In the case of Diane Schroer v. Library of Congress, the ACLU represented a highly decorated military veteran who thought she had found a perfect fit when she was offered a terrorism research position with the Library of Congress – until they rescinded her job offer when she told her future supervisor that she was in the process of a gender transition. In a groundbreaking decision issued in September 2008, a federal judge ruled that discriminating against someone for changing genders is sex discrimination under federal law. Schroer was awarded $500,000 in compensation by the government.
Diane’s case and her story have illustrated the crucial need for laws and legal precedents to protect transgender people from losing their jobs because they are transgender.
Hayden Nevill & Lauren Grey - Identification Documents
“Without consistency [in ID documents], you are flagged as a security risk. You’re treated differently when you give someone a document that has an opposite gender marker than how you present.” – Lauren Grey. For more on her story, see the video below:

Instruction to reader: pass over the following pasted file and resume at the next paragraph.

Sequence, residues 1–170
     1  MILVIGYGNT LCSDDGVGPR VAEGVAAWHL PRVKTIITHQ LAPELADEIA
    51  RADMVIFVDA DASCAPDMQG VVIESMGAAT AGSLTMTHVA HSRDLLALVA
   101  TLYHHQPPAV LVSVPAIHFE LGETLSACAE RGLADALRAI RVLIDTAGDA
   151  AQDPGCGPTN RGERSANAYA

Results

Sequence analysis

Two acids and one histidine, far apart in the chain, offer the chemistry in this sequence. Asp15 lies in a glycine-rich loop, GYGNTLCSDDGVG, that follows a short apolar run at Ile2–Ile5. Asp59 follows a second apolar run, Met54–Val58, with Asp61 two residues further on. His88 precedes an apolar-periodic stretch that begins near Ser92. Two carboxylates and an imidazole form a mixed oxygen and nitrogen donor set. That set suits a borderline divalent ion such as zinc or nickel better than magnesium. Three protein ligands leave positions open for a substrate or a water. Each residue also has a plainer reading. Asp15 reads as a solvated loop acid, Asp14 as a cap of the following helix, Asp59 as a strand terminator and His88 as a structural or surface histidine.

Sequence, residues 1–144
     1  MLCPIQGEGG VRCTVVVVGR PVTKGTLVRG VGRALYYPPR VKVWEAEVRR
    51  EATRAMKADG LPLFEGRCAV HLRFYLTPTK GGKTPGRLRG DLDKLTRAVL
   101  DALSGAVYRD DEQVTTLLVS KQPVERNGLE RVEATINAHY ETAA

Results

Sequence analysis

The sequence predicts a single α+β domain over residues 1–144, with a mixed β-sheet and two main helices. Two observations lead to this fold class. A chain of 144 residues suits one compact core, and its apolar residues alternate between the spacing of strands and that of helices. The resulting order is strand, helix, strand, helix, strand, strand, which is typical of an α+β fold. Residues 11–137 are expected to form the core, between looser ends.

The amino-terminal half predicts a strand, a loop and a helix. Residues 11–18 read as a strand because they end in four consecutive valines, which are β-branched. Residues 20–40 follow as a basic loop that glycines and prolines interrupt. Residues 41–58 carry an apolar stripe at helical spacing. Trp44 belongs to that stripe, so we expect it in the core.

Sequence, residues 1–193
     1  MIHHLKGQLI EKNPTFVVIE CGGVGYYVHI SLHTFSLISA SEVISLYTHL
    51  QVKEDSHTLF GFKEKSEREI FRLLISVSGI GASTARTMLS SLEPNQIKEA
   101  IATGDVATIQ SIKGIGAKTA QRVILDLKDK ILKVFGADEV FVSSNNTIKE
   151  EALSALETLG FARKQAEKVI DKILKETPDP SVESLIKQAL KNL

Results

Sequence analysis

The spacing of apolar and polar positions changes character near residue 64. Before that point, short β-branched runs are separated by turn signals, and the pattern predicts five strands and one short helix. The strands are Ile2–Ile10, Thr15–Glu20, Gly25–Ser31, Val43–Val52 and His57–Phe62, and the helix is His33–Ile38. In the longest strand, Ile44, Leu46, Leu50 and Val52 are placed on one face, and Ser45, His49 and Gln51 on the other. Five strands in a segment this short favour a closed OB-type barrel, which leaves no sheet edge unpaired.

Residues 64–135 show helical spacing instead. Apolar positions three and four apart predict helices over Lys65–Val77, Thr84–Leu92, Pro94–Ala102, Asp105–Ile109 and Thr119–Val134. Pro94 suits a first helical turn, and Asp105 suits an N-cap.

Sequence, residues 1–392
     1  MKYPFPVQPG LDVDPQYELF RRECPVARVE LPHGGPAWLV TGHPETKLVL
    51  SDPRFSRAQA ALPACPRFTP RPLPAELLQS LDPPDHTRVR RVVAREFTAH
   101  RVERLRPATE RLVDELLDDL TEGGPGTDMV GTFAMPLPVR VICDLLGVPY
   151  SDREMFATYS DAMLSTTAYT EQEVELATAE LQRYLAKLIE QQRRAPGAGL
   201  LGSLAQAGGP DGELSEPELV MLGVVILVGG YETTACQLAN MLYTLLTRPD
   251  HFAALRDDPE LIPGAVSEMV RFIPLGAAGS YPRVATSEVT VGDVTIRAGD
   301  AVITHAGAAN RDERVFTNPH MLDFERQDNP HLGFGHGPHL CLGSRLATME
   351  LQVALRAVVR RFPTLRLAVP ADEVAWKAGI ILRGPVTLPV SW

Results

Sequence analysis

With an increasing demand that we show official identification documents to enter public and private buildings, apply for a job, and vote, it has become more important than ever before to hold accurate identification documents. Moreover, restrictions on correcting the gender on identification documents have presented a unique set of problems for transgender Americans. In a recent national survey, 40 percent of those who present ID that did not match their gender identity/expression reported being harassed while 15 percent reported being asked to leave, and 3 percent reported being attacked or assaulted. Hayden Nevill and Lauren Grey both sued state agencies that restricted their ability to correct the gender on their identification documents.